Steve Fisher Low Light Handgun 4/25/18 AAR


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Context: I’m a rookie shooter who purchased his first handgun in February, and who was strongly recommended this course by a friend. It was my first formal handgun instruction, and first experience with handgun in low-light. I do not concealed carry, nor do I intend to within the next few months, though I went into this course believing it would build skills useful for carry. I brought to the course a stock G19, Safariland ALS holster, and used a loaned Surefire handheld light for the duration of the class. (Thanks Paul!)

What happened: The class was a scheduled 4-hour block and consisted of about an hour of classroom theory followed by three hours of firing range time. Theory covered the fundamentals of light use with a handgun, selection of light (lumens, spill, runtime), weaponlight vs handheld, etc. The firing portion was conducted with range lights off at all times and exclusively focused on handheld lights, and began with covering three essential positions – FBI, Neck Index, and Harries. The positions were demonstrated with several dry then one-shot reps at 5 yards, then two-shot reps at 7ish yards. Firing concluded with reload drills covering both light-off and light-on reloads with shooter’s choice of position. Drills were conducted with two relays of six shooters. After the conclusion of firing, a 15-minute bloc of discussion and demonstration was made on the use of weaponlights. After all drills and at the conclusion of the class, there was time set aside for shooters’ impressions and questions, and a great deal of discussion on theory and the “whys” was interspersed at all points. Ammunition expended was ~45 rounds.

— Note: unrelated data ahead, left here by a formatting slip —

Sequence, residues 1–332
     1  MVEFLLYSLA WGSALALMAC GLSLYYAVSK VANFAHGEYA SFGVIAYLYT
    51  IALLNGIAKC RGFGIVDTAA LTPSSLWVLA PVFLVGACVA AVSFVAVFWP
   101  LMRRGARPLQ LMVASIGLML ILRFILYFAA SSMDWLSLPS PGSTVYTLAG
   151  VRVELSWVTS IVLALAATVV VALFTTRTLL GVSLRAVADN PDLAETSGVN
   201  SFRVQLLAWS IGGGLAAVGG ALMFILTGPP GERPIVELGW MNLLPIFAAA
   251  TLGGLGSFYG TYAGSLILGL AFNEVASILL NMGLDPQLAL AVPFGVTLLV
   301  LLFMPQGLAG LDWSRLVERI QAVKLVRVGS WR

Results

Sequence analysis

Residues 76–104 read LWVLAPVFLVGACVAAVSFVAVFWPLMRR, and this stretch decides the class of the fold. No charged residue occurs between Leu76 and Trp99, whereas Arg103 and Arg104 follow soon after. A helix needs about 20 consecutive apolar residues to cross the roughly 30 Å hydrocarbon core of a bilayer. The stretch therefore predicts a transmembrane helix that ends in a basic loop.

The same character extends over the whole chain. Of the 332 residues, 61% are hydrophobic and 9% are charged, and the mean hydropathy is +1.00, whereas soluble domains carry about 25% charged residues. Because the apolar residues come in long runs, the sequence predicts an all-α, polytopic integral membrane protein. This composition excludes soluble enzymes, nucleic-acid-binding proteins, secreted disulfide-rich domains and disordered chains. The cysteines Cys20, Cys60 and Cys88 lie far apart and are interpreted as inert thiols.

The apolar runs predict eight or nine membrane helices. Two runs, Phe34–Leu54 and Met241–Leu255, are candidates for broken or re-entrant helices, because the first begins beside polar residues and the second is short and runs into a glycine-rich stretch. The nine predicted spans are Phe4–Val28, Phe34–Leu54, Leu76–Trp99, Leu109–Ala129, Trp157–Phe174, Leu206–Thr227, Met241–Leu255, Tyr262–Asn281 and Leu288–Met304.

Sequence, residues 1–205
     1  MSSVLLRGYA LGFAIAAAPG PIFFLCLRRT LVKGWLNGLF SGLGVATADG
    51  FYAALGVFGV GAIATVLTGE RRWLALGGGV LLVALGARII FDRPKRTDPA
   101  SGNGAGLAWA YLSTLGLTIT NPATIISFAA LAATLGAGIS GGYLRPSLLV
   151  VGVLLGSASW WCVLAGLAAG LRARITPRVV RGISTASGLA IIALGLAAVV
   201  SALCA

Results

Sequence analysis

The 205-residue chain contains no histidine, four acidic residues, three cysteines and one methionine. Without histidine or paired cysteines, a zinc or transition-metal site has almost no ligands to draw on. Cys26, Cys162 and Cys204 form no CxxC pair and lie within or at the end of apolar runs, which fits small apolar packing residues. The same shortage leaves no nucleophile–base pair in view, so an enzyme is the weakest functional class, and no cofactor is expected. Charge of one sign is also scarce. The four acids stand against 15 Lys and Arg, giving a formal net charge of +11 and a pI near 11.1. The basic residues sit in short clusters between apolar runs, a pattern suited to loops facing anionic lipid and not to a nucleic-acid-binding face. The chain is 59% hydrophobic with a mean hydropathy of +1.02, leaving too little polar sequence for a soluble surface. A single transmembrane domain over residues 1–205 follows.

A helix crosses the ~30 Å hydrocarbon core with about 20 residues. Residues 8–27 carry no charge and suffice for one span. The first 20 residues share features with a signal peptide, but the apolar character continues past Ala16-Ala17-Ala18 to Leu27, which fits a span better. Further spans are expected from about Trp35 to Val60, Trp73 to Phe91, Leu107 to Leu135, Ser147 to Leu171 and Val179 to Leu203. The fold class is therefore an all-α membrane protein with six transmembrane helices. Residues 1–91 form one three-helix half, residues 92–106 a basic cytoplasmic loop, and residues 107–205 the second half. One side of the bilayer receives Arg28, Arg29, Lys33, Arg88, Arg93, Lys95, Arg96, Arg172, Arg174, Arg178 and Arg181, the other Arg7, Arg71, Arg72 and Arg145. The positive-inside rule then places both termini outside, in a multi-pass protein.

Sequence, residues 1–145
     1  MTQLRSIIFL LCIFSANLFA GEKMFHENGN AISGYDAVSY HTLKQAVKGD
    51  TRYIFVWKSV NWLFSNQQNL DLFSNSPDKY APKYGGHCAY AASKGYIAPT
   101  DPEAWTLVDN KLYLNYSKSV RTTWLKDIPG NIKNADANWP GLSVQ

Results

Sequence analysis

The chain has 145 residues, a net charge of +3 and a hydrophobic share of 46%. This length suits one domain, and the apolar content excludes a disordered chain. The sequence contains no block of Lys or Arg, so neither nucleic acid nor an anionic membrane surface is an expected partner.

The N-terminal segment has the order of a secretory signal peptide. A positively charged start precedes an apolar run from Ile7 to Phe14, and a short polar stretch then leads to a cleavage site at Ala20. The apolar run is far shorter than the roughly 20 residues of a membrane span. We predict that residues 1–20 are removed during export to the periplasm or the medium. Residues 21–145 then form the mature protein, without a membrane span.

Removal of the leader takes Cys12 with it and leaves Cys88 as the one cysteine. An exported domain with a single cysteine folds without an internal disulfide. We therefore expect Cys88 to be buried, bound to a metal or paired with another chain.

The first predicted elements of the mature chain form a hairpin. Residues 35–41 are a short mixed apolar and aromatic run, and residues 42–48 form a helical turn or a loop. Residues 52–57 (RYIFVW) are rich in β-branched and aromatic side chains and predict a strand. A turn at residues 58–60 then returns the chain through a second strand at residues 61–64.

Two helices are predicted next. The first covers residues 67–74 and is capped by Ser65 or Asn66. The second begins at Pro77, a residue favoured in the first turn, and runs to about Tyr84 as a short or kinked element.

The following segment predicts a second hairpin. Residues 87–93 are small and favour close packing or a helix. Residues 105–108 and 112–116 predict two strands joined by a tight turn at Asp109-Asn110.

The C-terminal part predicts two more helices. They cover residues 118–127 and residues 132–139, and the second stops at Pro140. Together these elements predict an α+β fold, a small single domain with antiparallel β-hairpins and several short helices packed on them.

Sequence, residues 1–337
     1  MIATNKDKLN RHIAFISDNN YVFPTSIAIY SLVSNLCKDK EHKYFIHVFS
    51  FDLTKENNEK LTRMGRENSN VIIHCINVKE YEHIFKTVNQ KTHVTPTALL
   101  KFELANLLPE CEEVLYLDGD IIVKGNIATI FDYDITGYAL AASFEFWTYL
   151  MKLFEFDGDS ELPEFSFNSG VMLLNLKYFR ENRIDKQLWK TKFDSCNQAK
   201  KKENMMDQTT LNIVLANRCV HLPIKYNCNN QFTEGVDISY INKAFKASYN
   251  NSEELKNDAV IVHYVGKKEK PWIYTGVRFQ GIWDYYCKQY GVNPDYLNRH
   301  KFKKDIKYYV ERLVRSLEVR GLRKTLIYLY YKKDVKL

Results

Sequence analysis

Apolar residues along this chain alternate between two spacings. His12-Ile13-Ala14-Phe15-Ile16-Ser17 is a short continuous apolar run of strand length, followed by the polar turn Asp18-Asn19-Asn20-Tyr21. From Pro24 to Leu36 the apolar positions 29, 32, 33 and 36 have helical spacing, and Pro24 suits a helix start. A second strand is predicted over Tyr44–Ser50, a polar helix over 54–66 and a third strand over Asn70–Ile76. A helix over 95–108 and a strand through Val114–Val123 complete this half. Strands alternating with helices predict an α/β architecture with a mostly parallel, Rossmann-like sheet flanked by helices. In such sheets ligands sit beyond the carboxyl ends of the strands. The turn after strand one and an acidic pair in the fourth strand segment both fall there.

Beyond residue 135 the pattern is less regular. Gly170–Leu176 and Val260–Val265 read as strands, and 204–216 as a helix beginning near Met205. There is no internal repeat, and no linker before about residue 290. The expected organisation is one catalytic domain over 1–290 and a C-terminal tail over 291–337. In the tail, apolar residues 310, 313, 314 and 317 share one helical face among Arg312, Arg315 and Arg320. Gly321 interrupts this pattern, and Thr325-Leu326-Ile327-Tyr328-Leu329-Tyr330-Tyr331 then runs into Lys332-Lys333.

My Impressions: I was extremely impressed by the class. Though Steve complained that it would be a three-day event shoved into four hours, everything was explained clearly and in great detail. He focused on explaining the “why” behind everything we did, and the pros and cons of equipment and methods. Additionally, when necessary Steve focused on helping individual shooters and correcting major mistakes, and there was an emphasis on doing things right rather than doing them quickly. Though once the class started I quickly got into a comfortable and productive rhythm, initially handling firearms in complete darkness was unsettling. In a recent Modcast, Chuck P. discusses new students operating under NVGs are like children first learning how to swim; they will swim out into the depth only when they are being rewarded to. Initially due to that unease I was much happier whenever a light was on, however, this soon settled itself and my confidence grew as drills progressed. Doing the drills dry first greatly aided in this, but the darkness definitely required shooters to have the fundamentals of operating their handgun down beforehand. Lastly, the biggest impression I had was that my skills were clearly deficient in many realms, and gave me a solid grasp of where and how I need to improve.

Instructor Improvements: As a new shooter, one of the greatest benefits I had in the class was that I was randomly placed into the second relay, meaning I could watch other (more experienced) shooters go through drills first. If there was a deliberate effort to place newer shooters in the second relay so they could observe others more before starting to shoot, that may be value added to the course.

Could’ve-Should’ve for the Class:
Ideally, I would have practiced one-handed shooting in dry and live fire to a far greater extent. Further, in addition to my normal dry fire practice draws from holster and reloads, I would’ve added practicing said drills in low light or total darkness just to get better familiarity with the weapon and be more comfortable operating the weapon in darkness. (Also I wouldn’t have forgotten my magazine loader at home and needed to buy a new one!)

Individual Takeaways for the Future: Practice dry fire drills with the lights off at home, practice onehanded shooting both dry and live fire. Practice reloads while holding a flashlight, as that was a very clunky and slow process during the class.